May 2018 Staff Favorites, Travel, Readings, and More!

May 2018 Staff Favorites, Travel, Readings, and More!
Read new reviews from our staff, see which authors are appearing here in late May and June, and check out the latest releases from our Travel section.
New Staff Reviews
Here are three new staff reviews for you!
by Laura Purcell
reviewed by Karen
Elsie, newly widowed and pregnant, moves from London to her husband’s country estate expecting to live in quiet comfort during the period of her confinement. Instead, she finds the house in disarray, the servants resentful, and the company of her husband’s young cousin, Sarah, less than satisfactory. Yet, when strange and dangerous events occur, Elsie and Sarah draw ever closer while the entities known as the silent companions create suspicion within the household and the nearby village. This Victorian-Gothic is not the novel read in bed – unless your intention is to remain wide awake!
by Gilbert King
reviewed by Nick
Beneath a Ruthless Sun is an all too real history of racism and corruption in rural 1950's Florida, told in a deeply readable narrative that will ensnare readers in conspiracy. Centered around sheriff Willis McCall and the injustices he frequently served to African-Americans and other disadvantaged peoples in his own Lake County, King explores institutionalized racism and the extent to which desegregation was vehemently and unconstitutionally resisted by Southern States.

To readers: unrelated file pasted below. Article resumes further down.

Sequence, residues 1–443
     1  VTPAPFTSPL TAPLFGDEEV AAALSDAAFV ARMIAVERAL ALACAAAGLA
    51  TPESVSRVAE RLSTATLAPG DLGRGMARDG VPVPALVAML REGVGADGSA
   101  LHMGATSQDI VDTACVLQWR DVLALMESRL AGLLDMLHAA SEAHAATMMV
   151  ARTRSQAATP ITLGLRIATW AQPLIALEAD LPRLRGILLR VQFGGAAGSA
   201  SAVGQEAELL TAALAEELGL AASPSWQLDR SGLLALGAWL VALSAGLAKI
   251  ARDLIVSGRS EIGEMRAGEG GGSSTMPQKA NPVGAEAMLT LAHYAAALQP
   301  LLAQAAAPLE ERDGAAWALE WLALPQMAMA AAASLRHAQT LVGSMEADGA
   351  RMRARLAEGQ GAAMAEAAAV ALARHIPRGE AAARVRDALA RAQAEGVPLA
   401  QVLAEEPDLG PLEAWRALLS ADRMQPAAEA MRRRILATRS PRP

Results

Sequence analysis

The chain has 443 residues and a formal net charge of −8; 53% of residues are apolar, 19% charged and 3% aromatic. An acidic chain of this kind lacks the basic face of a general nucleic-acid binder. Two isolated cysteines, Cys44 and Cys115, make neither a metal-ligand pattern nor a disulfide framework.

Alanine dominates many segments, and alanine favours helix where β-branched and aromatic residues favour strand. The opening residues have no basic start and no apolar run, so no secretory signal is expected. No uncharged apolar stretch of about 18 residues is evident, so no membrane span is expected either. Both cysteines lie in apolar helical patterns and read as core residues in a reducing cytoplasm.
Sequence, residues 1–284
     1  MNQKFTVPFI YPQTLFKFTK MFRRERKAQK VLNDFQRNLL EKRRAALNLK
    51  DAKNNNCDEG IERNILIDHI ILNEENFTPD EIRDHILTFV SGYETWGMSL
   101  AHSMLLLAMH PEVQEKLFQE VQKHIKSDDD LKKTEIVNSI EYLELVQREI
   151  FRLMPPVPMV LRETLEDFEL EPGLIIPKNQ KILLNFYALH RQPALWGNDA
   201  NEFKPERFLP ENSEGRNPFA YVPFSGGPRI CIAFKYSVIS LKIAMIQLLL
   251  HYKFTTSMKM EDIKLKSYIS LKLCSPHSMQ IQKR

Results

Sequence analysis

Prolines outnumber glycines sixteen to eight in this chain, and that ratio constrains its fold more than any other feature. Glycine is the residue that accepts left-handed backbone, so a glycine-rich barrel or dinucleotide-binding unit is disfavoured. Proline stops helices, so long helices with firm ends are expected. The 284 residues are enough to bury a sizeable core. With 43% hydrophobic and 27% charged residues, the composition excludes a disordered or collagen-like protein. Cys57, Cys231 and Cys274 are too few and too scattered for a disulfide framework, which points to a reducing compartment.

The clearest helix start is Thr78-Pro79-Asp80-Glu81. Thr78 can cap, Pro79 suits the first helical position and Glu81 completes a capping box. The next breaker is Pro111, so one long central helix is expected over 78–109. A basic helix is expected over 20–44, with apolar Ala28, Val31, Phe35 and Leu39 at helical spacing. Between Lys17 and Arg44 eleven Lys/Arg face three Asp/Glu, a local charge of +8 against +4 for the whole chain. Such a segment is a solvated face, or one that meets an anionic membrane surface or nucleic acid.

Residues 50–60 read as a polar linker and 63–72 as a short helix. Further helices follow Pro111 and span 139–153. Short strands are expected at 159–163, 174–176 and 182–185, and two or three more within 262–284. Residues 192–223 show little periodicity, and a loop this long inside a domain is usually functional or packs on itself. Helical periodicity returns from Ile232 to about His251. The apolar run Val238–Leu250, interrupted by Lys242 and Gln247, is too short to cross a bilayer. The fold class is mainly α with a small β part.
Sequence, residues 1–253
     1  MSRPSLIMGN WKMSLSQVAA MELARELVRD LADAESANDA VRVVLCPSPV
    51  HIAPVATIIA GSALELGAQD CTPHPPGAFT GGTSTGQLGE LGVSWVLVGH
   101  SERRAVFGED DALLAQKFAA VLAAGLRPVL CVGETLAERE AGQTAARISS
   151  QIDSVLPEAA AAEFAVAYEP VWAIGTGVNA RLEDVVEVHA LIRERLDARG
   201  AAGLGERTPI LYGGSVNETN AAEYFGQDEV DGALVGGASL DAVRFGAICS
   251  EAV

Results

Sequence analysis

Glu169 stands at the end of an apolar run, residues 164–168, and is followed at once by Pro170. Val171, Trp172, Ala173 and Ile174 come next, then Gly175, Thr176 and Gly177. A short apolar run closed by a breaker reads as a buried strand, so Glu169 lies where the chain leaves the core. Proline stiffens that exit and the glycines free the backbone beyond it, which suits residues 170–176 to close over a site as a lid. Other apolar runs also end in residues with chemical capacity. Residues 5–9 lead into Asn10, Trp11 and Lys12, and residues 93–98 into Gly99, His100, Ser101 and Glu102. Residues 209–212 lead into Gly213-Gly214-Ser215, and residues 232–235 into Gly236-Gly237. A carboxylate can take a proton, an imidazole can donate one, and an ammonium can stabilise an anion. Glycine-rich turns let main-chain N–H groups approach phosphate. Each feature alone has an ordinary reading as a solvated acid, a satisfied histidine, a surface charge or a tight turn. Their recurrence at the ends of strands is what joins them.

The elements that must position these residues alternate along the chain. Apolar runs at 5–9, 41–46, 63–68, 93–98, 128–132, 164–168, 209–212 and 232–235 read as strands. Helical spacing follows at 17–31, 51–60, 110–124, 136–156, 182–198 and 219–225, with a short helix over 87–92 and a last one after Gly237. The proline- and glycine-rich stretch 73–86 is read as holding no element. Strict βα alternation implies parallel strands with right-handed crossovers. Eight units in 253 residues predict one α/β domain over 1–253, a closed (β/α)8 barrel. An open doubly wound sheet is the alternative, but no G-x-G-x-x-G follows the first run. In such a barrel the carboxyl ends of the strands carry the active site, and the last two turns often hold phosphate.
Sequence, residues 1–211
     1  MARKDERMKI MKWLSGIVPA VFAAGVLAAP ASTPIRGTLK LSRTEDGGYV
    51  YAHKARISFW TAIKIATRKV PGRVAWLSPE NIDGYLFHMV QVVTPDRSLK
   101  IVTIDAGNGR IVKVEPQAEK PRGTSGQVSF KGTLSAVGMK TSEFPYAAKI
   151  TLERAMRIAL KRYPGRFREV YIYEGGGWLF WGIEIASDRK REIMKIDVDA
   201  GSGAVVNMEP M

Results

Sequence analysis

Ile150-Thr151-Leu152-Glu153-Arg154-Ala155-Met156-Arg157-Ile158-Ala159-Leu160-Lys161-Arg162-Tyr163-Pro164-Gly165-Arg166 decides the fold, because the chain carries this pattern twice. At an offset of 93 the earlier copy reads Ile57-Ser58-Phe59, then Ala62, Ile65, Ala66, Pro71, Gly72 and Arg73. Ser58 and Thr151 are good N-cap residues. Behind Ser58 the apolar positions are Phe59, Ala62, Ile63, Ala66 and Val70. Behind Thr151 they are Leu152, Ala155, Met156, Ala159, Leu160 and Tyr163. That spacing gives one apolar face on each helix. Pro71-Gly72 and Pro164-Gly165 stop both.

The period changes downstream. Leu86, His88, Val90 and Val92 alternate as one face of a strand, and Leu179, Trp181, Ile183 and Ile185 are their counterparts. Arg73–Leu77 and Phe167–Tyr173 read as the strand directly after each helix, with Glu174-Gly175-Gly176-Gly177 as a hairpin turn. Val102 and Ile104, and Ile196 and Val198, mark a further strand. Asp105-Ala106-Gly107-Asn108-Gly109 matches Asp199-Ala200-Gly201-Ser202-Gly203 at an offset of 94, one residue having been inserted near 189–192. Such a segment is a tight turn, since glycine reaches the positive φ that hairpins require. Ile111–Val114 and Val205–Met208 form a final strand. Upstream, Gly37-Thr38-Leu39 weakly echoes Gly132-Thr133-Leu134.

by Jenny Erpenbeck
reviewed by Erin
A poignant, gripping novel about the refugee crisis challenging the globe. Recently retired and suddenly finding himself adrift, Richard becomes captivated by a group of young African refugees being housed by the German government in his quiet Berlin suburb---Who are these men? What do they want? The answers seem simple, yet issues of power, humanitarian responsibility, bureaucracy, and intolerance make their lives and reality complex. Erpenbeck is a skilled novelist, and her talent as a storyteller serves as a humanizing lens on a daunting political crisis. Go, Went, Gone is imperative for us to read, discuss, and share.
More Staff Favorites
Here are more great new titles from our Staff Favorites table (with publisher descriptions):
by Richard Powers
Powers delivers a sweeping, impassioned novel of activism and resistance that is also a stunning evocation of--and paean to--the natural world. From the roots to the crown and back to the seeds, The Overstory unfolds in concentric rings of interlocking fables that range from antebellum New York to the late twentieth-century Timber Wars of the Pacific Northwest and beyond, exploring the essential conflict on this planet: the one taking place between humans and nonhumans. The Overstory is a book for all readers who despair of humanity's self-imposed separation from the rest of creation and who hope for the transformative, regenerating possibility of a homecoming. If the trees of this earth could speak, what would they tell us?
by Madeline Miller
The daughter of Helios, god of the sun and mightiest of the Titans, is banished to a deserted island. There, Circe hones her occult craft, tames wild beasts and crosses paths with many of the most famous figures in all of mythology, including the Minotaur, Daedalus and his doomed son Icarus, the murderous Medea, and, of course, wily Odysseus. But there is danger, too, for a woman who stands alone, and Circe unwittingly draws the wrath of both men and gods, ultimately finding herself pitted against one of the most terrifying and vengeful of the Olympians. To protect what she loves most, Circe must summon all her strength and choose, once and for all, whether she belongs with the gods she is born from, or the mortals she has come to love.
by Patricia Lockwood